Macbeth Fate Vs Free Will Essay

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In Shakespeare’s Macbeth, the theme of free will vs. fate is an essential argument and one that plays a huge part in the character of Macbeth. There are three areas that are focused on when seeing if Macbeth was in control of what he did or if fate controlled what happened. The first area talks about Macbeth’s behavioral patterns. The article relating to this topic reveals certain patterns in Macbeth’s behavior which include a structural pattern and a relational pattern. Macbeth’s structural is that he committed murder at three important parts of his life. There is no reason to think that fate controlled the structure of his murders. Also, the relational pattern reveals that he killed ones close to him, which also is a way to show that free …show more content…

In the beginning, Macbeth follows that destiny and believes in his fate. However, he exercises his free will from the beginning by choosing to follow his fate. The most evident parts where Macbeth is a representative of free will is when he chooses to follow murdering multiple people because of what he thinks was supposed to be done. Macbeth fears what he may have to do to become king and he hope that his fate takes care of it. The idea that Macbeth followed his fate or made his own free will can be described by talking about his patterns of behavior, the factor that dread plays, and other influences on …show more content…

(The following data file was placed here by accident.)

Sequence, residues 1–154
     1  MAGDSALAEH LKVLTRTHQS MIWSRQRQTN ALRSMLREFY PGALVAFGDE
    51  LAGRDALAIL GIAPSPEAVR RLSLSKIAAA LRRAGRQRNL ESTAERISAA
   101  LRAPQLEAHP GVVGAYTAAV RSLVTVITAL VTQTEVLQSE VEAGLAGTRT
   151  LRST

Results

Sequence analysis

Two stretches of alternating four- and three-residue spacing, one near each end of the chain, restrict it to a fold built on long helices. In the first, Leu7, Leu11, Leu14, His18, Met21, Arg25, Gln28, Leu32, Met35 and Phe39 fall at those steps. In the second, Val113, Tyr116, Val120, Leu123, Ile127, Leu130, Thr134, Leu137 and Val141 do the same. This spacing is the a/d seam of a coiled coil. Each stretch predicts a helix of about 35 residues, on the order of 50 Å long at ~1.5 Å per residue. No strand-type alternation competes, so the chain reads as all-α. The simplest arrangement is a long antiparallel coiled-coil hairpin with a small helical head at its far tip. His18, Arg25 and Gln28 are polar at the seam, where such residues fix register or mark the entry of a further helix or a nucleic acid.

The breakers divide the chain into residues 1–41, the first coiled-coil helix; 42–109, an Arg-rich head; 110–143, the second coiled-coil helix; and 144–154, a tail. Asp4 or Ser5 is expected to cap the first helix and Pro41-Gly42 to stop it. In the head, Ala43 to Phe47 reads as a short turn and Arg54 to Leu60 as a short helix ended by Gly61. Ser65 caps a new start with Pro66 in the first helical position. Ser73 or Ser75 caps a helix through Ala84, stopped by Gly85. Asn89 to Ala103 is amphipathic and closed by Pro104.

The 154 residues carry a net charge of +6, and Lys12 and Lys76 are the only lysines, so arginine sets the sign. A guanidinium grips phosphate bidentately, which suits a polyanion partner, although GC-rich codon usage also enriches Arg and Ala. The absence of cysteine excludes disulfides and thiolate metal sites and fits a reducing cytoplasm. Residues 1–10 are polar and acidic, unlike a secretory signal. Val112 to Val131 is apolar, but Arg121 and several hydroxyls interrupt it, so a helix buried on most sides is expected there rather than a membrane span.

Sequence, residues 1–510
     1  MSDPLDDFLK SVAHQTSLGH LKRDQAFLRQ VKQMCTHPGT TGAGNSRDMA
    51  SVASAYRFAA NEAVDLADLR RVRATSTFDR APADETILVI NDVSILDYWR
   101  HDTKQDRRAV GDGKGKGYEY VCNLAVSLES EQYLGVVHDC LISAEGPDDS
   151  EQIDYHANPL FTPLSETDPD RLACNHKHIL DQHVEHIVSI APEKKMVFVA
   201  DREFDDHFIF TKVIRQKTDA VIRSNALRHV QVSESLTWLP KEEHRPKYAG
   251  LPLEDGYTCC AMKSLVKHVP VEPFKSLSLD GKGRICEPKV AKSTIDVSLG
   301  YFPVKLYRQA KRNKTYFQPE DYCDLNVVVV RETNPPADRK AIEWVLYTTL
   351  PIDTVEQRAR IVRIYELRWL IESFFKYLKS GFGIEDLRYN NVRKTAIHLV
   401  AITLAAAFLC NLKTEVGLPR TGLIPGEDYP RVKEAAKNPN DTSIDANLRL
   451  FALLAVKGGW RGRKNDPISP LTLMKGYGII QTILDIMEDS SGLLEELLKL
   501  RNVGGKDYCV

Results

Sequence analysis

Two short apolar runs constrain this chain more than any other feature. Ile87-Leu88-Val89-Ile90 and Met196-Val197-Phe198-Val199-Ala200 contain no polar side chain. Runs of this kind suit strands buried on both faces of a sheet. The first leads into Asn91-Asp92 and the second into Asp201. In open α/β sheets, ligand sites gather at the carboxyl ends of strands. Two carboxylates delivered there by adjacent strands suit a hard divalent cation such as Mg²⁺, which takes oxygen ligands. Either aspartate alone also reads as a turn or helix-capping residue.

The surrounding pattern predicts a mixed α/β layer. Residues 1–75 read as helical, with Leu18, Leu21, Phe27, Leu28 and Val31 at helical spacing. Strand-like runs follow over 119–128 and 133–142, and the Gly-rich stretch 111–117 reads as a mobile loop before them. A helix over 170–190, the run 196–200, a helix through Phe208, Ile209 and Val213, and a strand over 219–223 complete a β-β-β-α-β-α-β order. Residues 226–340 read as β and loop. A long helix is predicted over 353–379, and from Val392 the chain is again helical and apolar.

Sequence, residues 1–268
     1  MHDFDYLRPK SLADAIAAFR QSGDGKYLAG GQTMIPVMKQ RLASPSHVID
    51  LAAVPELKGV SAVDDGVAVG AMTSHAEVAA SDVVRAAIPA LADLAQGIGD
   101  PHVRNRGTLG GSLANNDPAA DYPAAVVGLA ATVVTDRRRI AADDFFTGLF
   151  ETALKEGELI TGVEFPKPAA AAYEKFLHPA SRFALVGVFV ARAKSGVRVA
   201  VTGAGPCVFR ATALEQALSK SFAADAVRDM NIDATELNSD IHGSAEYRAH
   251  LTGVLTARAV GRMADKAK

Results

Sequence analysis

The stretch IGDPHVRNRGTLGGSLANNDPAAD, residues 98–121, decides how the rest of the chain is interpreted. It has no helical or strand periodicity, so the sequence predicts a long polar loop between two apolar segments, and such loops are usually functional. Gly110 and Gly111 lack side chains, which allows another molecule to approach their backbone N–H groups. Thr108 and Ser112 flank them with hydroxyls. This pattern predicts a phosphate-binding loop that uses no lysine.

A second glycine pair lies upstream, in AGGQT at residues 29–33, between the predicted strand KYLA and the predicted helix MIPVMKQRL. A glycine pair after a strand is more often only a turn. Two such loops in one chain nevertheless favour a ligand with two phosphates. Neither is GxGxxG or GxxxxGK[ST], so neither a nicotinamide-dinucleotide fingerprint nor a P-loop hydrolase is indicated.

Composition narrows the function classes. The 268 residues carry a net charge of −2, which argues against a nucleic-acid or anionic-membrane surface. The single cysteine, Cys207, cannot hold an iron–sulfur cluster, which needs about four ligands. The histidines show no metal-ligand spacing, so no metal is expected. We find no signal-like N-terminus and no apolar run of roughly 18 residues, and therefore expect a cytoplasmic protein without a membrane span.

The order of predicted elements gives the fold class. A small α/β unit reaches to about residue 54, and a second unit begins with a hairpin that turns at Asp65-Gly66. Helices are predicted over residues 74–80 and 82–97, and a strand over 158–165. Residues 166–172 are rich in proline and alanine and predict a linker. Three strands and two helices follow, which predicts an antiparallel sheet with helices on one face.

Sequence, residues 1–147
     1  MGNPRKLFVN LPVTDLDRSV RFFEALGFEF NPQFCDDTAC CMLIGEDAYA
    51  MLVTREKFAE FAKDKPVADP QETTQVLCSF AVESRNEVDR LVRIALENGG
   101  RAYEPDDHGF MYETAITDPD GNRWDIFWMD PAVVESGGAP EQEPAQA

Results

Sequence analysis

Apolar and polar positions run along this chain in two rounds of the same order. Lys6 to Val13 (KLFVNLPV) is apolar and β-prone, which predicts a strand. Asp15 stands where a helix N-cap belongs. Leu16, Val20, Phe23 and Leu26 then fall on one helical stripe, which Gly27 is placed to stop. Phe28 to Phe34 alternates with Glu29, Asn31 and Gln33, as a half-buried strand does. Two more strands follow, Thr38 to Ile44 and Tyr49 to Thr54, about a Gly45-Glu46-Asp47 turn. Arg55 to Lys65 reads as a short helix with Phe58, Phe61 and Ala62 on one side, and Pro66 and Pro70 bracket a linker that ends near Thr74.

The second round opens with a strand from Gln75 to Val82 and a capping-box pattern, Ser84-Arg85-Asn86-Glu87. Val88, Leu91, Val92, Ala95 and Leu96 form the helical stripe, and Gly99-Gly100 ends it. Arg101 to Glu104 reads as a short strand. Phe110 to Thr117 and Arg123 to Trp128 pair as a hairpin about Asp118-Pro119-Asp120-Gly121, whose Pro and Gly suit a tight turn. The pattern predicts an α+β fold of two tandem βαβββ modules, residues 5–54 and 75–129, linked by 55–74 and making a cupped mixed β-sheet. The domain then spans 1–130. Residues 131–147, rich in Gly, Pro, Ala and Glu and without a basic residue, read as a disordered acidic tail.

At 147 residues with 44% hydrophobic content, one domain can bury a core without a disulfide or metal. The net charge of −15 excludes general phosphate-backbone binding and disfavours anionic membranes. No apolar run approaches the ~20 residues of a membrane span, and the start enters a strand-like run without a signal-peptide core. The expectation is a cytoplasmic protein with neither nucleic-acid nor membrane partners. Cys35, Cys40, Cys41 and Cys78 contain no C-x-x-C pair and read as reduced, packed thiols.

(1.3.150)” Which reflects on the fact that what he is experiencing now is more fearful than anything that he could imagine. Fate does not come into play while he is imagining the things that will or will not take place. In the article “Dread” in Macbeth, King-Kok Cheung (1984) uses a question from Walter Clyde Curry. The question is "By what processes does this essentially noble creature, whose will by nature desires the good or reasonable, come deliberately to choose evil?” Cheung (1984) looks at Macbeth as the noble character who tries to be good and reasonable cannot hold of any long and eventually turns evil out of his own free will. The author of this article, King-Kok Cheung (1984) also refers to a man named Kierkegaard, whose first name is not given. Cheung (1984) took this out of Kierkegaard’s

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